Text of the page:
Now that we’re more than halfway through 2021, we were thinking about the de rigueur predictions that will soon be coming our way for 2022. For some reason, that put us in mind of the classic Budweiser commercial from 1999. After that, we decided to get serious; although, we really didn’t feel like it.
It’s safe to assume that most of the 2022 predictions for insurance will have to do with technology. The list will, no doubt, include:
- Artificial intelligence (AI). When more and more homes and cars contain voice-activated assistance, the insurance industry will continue to adopt AI as it can, particularly in the interests of personalizing the policyholder experience and the policyholder’s rates. How will AI do that? With …
- Machine learning. Simply put, machine learning is stored data that constitutes acquired experience. Combined with AI, that acquired experience can be analyzed and translated into actionable information and automated processing. And where will all this stored data come from? From …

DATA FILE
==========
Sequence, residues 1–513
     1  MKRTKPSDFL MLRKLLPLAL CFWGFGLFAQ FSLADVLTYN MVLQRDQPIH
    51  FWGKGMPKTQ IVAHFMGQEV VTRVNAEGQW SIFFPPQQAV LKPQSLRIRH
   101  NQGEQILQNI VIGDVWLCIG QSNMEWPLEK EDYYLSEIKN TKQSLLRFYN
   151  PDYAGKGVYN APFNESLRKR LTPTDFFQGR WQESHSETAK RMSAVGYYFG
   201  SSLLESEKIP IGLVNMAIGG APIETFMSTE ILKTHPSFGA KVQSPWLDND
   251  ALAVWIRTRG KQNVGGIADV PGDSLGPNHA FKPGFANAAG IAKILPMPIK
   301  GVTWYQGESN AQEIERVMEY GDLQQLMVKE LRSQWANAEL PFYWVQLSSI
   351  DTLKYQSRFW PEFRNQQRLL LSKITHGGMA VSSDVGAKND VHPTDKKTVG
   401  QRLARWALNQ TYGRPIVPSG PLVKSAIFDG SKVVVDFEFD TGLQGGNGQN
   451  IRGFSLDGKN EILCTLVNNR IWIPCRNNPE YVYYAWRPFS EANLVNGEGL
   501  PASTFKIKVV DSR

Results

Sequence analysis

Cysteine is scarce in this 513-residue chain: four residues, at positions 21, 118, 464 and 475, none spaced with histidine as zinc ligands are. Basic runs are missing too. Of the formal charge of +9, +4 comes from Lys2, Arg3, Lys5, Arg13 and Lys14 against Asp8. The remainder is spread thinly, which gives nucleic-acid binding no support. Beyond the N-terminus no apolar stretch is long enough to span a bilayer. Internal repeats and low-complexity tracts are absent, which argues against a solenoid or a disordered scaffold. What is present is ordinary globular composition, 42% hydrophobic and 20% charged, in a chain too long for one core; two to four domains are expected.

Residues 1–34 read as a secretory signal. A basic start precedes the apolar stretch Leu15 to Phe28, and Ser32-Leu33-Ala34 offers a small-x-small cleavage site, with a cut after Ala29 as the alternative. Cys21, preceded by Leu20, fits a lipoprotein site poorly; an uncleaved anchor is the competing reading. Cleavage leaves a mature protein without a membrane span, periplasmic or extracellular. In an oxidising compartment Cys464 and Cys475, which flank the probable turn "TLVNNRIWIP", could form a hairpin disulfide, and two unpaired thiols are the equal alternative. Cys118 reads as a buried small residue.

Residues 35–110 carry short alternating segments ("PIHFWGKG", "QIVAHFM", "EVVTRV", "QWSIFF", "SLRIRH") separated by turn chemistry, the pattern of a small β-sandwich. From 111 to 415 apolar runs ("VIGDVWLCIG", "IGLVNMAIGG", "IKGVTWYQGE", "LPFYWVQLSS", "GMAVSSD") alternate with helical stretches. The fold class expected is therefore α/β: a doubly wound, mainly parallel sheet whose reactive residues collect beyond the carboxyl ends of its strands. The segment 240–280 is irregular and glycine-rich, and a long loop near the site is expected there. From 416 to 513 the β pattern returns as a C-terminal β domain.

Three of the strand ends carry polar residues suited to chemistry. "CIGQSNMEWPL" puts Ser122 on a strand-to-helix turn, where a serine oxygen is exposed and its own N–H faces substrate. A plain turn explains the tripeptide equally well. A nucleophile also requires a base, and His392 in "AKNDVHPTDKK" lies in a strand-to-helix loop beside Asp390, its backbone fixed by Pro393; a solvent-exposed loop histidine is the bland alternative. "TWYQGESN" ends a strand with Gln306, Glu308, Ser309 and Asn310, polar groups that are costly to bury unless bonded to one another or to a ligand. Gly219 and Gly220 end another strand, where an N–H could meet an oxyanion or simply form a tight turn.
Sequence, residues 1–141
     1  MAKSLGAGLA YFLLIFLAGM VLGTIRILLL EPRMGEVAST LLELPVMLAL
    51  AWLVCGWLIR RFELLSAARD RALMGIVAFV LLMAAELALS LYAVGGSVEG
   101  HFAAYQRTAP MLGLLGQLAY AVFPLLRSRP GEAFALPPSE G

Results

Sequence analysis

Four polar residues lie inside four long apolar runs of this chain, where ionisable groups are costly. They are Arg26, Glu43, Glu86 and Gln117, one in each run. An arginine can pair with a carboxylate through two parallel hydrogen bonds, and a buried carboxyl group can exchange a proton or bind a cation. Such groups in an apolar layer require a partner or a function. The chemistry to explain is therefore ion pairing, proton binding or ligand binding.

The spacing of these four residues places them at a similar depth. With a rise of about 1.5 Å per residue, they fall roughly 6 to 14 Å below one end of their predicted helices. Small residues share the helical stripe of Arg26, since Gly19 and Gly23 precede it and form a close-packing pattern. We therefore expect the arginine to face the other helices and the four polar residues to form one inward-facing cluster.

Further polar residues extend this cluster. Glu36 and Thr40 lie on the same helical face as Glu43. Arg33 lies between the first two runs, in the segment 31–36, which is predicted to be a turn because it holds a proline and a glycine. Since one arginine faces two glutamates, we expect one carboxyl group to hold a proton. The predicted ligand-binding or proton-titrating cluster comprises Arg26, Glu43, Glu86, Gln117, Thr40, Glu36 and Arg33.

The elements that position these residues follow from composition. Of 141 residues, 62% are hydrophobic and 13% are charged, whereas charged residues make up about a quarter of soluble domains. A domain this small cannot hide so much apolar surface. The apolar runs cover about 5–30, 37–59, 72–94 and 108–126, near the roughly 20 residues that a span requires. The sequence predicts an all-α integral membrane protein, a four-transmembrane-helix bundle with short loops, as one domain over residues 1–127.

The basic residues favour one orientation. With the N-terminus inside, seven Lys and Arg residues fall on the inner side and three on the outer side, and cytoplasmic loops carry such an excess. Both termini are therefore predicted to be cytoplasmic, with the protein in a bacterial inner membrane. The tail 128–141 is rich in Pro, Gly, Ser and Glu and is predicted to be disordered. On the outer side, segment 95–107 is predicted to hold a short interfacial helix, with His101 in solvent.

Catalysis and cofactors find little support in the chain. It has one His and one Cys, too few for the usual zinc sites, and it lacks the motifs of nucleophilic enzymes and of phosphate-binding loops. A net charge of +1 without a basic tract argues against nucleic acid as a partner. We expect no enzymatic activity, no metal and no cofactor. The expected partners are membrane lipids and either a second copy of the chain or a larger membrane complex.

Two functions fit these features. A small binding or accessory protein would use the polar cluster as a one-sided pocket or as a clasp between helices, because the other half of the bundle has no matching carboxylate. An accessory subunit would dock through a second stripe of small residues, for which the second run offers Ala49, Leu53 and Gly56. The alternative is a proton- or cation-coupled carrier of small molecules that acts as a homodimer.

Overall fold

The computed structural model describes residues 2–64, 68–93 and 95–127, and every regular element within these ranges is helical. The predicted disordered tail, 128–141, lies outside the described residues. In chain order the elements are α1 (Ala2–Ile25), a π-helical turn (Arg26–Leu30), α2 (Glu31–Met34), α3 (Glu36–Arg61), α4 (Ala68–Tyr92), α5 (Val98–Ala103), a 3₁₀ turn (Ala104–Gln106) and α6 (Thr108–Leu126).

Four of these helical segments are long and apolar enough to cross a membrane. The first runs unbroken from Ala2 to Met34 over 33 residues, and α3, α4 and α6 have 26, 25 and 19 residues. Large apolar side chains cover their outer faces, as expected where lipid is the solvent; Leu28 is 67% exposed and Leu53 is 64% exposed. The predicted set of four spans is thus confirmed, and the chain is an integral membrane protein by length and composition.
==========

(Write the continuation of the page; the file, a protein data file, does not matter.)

- The Internet of Things (IoT). Given the connectivity of everything on the Web — including smart-homes gadgets, automobile sensors, wearables, online retail sites, referral-program software, and who knows what — insurers that don’t tap into IoT technology are going to miss the boat and then some.
- Telematics. See AI, machine learning, and IoT.
- Social media. Given the pace at which things evolve, it’s interesting to look at how quickly definitions of things like IoT seem to evolve. They used to focus on hardware devices. Now they include every social-media site imaginable, all of which are tracking us like bloodhounds in the woods or sharks in the water.
Chances are pretty slim that we’ll end up in the fortune-telling business. We’ve been developing insurance technology for so long at this point that a career change might not be the most prudent decision we could make. But you really don’t need powers of prognostication to see what’s coming for the insurance industry, technologically speaking.
The industry will continue to follow its conservative nature, as it should. It’ll prudently adopt technologies as it can. It’ll wisely heed the needs of its policyholders. It’ll stay a few steps back from leading edges, which is a much safer place to be anyway. But in the end, it’ll come around, as it always does.
That’s what’s up.
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